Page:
In addition, the brothers Spiridellis moved into merchandising with the creation of a talking doll based on their Nasty Santa property. Through the beauty of the Internet, JibJab found toy production companies in China that would create samples from an initial design concept. Once JibJab had the doll, they approached Spencer Gifts and pitched them the product. The leverage JibJab used was that 2.1 million people had viewed the Nasty Santa short the previous Christmas. Spencer carried the initial toy and now carries 13 items related to the Nasty Santa property during the holidays. Since then Urban Outfitters has joined in carrying the foul-mouthed Father Christmas line.
Up until 2004, most of JibJabs revenue was coming from advertising work. Then This Land hit big and JibJabs style of equal-opportunity satire became a recognized name brand. With this fame came new traditional licensing opportunities. Gregg Spiridellis said, Thats the business we want to be in creating original content that we license and market.
Like Mondo Media did to build traffic, JibJab makes it easy for people to send the shorts to friends. Word of mouth is how properties on the Net build their fan base. Then the key is to keep the fan base solid. JibJab kept in touch with their fans through their newsletter, which has doubled in subscriptions from 250,000 to more than 500,000 since the debut of This Land. Gregg Spiridellis said, Staying in touch directly with our fans is a critical thing for us from a business perspective, because our cartoons stream for free. But, if we release a DVD, its nice to be able to reach 500,000 people that might be interested in buying it.
Other ways JibJab generates revenue from the Internet is to sell banner ads, play commercials before the cartoons and offer paid downloads of the shorts in full resolution. Its store offers T-shirts and other merchandise based on JibJab content. Additionally, JibJab capitalized on the popularity of This Land with a DVD featuring the short as well as the Good To Be In D.C. cartoon.
The kind of brand that JibJab has cultivated has attracted film and television companies as well. Gregg Spiridellis said that JibJab is in active development on a television series and has several film offers. He looks at the Net as the place to develop the brand and within the next three years JibJab will be making most of its revenue through offline mediums.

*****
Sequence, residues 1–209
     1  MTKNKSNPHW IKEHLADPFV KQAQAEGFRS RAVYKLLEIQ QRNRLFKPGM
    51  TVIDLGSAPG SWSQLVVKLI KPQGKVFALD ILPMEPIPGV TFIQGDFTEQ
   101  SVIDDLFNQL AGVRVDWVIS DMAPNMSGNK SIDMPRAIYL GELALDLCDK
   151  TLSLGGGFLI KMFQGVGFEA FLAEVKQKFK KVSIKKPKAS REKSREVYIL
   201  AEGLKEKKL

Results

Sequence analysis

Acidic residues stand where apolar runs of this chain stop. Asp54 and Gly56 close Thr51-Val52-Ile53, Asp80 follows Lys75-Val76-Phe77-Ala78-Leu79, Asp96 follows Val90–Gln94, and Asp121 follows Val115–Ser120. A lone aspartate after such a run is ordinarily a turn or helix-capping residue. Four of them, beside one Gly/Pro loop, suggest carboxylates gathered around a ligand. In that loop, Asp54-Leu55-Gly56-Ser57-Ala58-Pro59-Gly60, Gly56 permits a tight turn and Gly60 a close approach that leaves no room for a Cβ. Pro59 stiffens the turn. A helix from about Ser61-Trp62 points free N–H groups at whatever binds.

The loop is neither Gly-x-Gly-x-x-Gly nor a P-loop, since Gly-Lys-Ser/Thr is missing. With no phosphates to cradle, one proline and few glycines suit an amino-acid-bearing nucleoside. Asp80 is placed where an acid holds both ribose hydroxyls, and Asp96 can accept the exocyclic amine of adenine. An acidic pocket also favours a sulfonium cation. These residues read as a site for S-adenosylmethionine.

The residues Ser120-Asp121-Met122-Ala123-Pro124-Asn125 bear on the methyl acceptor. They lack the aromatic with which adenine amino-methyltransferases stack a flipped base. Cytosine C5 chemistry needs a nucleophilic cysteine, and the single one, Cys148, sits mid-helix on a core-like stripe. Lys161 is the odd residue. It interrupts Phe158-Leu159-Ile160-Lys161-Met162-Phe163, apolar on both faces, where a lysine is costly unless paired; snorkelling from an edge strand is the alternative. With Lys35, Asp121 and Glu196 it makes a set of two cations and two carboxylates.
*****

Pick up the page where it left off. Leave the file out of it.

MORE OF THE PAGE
When asked about what the future has in store for JibJab, Evan Spiridellis, said, Gregg and I sat down and thought the best thing we can do is go slow, not ramp-up too fast and make sure that the projects we do take on get the love and attention that they deserve. Our goal is not to do loads of content, but to make what we do great.
So How Do I Get a Piece of the Pie?
Both Mondo and JibJab show that the Internet is now a viable medium where good content can become a global brand. For aspiring Net artists, Evan Spiridellis said, Dont worry about distribution, but be aware of it. Focus on the content. And if you want it to reach a wide audience than you have to think about keeping your animation at a PG-13 rating.
Leading properties on the Net are pulling audience numbers that would put a television show on the front page of traditional entertainment magazines. But these companies are, for the most part, operating below-the-radar of the bigger mediums. Evershed feels that there is still a stigma associated with the Internet crash. However, the Web downturn has actually cleared the playing field and allowed companies to change and adapt without the spotlight on them.
In the future, Evershed sees people creating content again. I see some of the big players [like Yahoo!] swinging their sites back around to it The folks that stayed in the game will reap the rewards from it.
Rick DeMott is managing editor of Animation World Network. He recently contributed to a coffee table book on the history of animation for Flame Tree Publishing, entitled Animation Art. Previously, he served as the production coordinator for sound production house BadaBing BadaBoom Prods. and animation firm Perky Pickle Studios. Prior to that, he served as associate editor of AWN.